We basically have to prove that,\[\sum_{n=2}^{n}\dfrac{1}{n^2}<1\]
\(\text{Motivation of proof}:\),the first idea that struck me was the use of telescoping series,if i could write,\(\dfrac{1}{n^2}<\text{something}\) and write,\(\dfrac{1}{(n-1)^2}<\text{another something}\),and when we add the terms of \(L.H.S\) we would get the required expression and when we add the terms of the \(R.H.S\) we would get a telescoping series.The next thing that came to my mind was that,\[n^2>(n)(n-1)\](we have taken the greater than sign as then when we take the reciprocal the sign would get reversed),since \(\dfrac{1}{(n)(n-1)}=\dfrac{1}{n-1}-\dfrac{1}{n}\),and we would get a telescoping series like this,
\[\dfrac{1}{2^2}<\dfrac{1}{1}-\dfrac{1}{2}\\
\dfrac{1}{3^2}<\dfrac{1}{2}-\dfrac{1}{3}\\
.\\
.\\
.\\
\dfrac{1}{n^2}<\dfrac{1}{n-1}-\dfrac{1}{n}\\
\text{adding,we get}:\\
\sum_{n=2}^{n}\dfrac{1}{n^2}<1-\dfrac{1}{n}<1\].Hence proved.And done!

@Calvin Lin
–
@Calvin Lin Oops, although Induction is tempting at first look, it isn't the best way to go about. I haven't found an inductive proof yet 😕.

from the basel problem we get \[\sum_{n=1}^\infty (\frac{1}{n^2}) = \frac{\pi^2}{6}<2\]. although this is probably not intended, but still works as a good proof. we prove the basel proble:\[\]
Euler's original derivation of the value \(\frac{π^2}{6}\) essentially extended observations about finite polynomials and assumed that these same properties hold true for infinite series.

recall the Taylor series expansion of the sine function

\[ \sin(x) = x - \frac{x^3}{3!} + \frac{x^5}{5!} - \frac{x^7}{7!} + \cdots. \]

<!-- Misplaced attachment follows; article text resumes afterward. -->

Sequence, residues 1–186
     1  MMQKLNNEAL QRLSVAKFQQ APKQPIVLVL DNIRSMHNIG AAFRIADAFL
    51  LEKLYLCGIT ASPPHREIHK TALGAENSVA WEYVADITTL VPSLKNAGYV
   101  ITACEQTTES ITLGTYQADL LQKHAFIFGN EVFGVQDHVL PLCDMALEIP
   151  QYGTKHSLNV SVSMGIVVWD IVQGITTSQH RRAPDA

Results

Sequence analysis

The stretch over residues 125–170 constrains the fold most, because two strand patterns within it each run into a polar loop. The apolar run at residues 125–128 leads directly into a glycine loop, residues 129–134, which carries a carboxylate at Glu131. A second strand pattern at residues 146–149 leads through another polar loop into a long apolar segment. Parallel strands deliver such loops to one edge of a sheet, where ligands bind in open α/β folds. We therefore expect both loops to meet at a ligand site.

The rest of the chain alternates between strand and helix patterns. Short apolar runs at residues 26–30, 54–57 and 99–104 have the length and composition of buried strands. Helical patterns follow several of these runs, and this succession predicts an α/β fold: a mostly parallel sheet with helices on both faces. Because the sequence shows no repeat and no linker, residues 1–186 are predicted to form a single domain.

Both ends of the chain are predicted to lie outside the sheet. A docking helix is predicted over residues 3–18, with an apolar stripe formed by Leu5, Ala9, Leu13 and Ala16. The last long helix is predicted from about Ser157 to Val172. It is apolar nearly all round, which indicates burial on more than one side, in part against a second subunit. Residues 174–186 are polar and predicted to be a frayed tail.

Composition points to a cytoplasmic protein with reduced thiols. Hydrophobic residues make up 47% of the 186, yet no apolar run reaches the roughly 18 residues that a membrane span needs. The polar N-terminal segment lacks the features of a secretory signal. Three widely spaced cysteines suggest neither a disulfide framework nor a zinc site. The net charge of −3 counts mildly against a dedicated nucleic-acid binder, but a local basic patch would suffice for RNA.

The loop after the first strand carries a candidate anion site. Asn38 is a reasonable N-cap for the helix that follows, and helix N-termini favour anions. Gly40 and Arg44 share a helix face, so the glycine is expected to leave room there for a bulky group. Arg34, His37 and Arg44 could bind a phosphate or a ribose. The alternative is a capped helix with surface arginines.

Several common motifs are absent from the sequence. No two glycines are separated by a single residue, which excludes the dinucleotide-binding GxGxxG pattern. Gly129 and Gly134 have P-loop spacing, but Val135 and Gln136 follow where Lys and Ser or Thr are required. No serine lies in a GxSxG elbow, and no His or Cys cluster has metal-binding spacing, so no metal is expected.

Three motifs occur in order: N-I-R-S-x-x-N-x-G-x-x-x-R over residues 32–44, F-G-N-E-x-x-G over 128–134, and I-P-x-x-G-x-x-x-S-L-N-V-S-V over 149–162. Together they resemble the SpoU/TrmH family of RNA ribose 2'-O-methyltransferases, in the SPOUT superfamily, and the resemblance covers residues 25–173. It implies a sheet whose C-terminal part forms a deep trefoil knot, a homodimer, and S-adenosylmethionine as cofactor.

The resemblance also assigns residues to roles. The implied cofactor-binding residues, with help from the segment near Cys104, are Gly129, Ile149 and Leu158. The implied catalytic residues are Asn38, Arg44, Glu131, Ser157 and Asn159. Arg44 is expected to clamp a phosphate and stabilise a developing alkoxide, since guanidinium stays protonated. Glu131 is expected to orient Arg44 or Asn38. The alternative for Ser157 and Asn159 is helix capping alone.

Dividing through by x, we have

\[\frac{\sin(x)}{x} = 1 - \frac{x^2}{3!} + \frac{x^4}{5!} - \frac{x^6}{7!} + \cdots. \]
Using the Weierstrass factorization theorem, it can also be shown that the left-hand side is the product of linear factors given by its roots, just as we do for finite polynomials

\[\begin{align}
\frac{\sin(x)}{x} &= \left(1 - \frac{x}{\pi}\right)\left(1 + \frac{x}{\pi}\right)\left(1 - \frac{x}{2\pi}\right)\left(1 + \frac{x}{2\pi}\right)\left(1 - \frac{x}{3\pi}\right)\left(1 + \frac{x}{3\pi}\right) \cdots \\
&= \left(1 - \frac{x^2}{\pi^2}\right)\left(1 - \frac{x^2}{4\pi^2}\right)\left(1 - \frac{x^2}{9\pi^2}\right) \cdots.
\end{align}\]
If we formally multiply out this product and collect all the x2 terms (we are allowed to do so because of Newton's identities), we see that the x2 coefficient of sin(x)/x is

\[ -\left(\frac{1}{\pi^2} + \frac{1}{4\pi^2} + \frac{1}{9\pi^2} + \cdots \right) =
-\frac{1}{\pi^2}\sum_{n=1}^{\infty}\frac{1}{n^2}.\]
But from the original infinite series expansion of sin(x)/x, the coefficient of x2 is −1/(3!) = −1/6. These two coefficients must be equal; thus,

\[-\frac{1}{6} = -\frac{1}{\pi^2}\sum_{n=1}^{\infty}\frac{1}{n^2}.\]
Multiplying through both sides of this equation by \(-\pi^2\) gives the sum of the reciprocals of the positive square integers.

Easy Math Editor

`*italics*`

or`_italics_`

italics`**bold**`

or`__bold__`

boldNote: you must add a full line of space before and after lists for them to show up correctlyparagraph 1

paragraph 2

`[example link](https://brilliant.org)`

`> This is a quote`

Remember to wrap math in \( ... \) or \[ ... \] to ensure proper formatting.`2 \times 3`

`2^{34}`

`a_{i-1}`

`\frac{2}{3}`

`\sqrt{2}`

`\sum_{i=1}^3`

`\sin \theta`

`\boxed{123}`

## Comments

Sort by: